Predictive modelling of patch use by terrestrial herbivores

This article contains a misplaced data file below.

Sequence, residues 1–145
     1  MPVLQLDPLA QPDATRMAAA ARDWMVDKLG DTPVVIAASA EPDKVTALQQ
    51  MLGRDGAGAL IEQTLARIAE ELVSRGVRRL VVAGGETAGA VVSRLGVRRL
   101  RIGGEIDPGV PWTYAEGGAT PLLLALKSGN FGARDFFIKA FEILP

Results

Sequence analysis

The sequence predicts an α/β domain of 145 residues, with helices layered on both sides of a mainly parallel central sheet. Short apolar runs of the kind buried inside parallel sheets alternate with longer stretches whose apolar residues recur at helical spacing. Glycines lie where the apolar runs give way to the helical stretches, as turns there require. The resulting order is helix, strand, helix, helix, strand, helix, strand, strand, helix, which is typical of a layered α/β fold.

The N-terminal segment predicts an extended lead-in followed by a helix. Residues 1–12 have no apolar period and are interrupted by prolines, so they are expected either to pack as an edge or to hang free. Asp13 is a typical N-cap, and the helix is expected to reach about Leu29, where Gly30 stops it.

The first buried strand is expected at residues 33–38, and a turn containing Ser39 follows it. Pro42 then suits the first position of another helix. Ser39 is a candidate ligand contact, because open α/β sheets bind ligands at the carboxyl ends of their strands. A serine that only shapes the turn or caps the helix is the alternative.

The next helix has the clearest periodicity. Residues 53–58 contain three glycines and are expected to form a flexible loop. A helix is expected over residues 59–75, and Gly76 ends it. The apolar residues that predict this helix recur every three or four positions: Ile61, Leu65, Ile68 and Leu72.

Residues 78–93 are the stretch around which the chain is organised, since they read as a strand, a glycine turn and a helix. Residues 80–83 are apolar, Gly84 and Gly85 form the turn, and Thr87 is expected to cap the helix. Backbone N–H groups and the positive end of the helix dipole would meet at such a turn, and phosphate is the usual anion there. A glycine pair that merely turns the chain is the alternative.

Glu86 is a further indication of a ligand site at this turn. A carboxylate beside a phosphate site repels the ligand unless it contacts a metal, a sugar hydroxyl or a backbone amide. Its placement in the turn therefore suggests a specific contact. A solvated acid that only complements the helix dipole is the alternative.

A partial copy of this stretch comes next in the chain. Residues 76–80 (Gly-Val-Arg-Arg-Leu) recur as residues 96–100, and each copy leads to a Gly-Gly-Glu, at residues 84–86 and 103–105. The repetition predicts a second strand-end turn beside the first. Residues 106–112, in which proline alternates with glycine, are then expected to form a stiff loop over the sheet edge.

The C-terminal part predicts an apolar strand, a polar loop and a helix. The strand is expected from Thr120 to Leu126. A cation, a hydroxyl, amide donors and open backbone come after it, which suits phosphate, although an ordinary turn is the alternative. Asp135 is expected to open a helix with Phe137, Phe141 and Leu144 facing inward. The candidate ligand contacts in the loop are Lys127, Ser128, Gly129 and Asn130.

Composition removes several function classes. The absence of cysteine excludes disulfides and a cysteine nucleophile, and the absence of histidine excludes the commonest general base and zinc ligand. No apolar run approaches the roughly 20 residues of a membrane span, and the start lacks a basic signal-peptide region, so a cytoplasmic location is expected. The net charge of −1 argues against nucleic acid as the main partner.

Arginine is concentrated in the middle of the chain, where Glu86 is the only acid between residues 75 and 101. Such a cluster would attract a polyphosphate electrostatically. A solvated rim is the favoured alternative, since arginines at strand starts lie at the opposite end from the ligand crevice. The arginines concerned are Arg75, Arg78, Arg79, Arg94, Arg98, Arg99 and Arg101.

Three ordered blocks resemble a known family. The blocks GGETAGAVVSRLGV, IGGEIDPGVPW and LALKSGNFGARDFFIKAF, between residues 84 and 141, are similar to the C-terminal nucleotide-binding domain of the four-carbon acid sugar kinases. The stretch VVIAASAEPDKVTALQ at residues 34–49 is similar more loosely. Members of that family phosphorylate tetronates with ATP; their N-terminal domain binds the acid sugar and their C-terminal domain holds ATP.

AbstractAll animals are faced with substantial variation in resource abundance over time and space. Patch-use theory, often based on optimality principles, can be useful in gaining insight into possible evolutionary solutions to this puzzle. A key consideration in applying patch-use theory to large terrestrial herbivores is that local variation in the nutritional quality of food is often inversely related to local resource abundance. Trade-offs between resource quality and abundance can change traditional models of patch use in important ways, some of which are explored in this chapter. I consider two aspects of patchuse decisions: which patches to visit and how long to stay in a patch, once visited? Empirical data for large herbivores often suggest that optimality principles are useful in explaining which patches are used in a landscape, but are less successful at explaining how long herbivores choose to stay in a particular patch. I end the chapter by exploring emerging challenges in applying patch-use principles to landscape ecology of large herbivores
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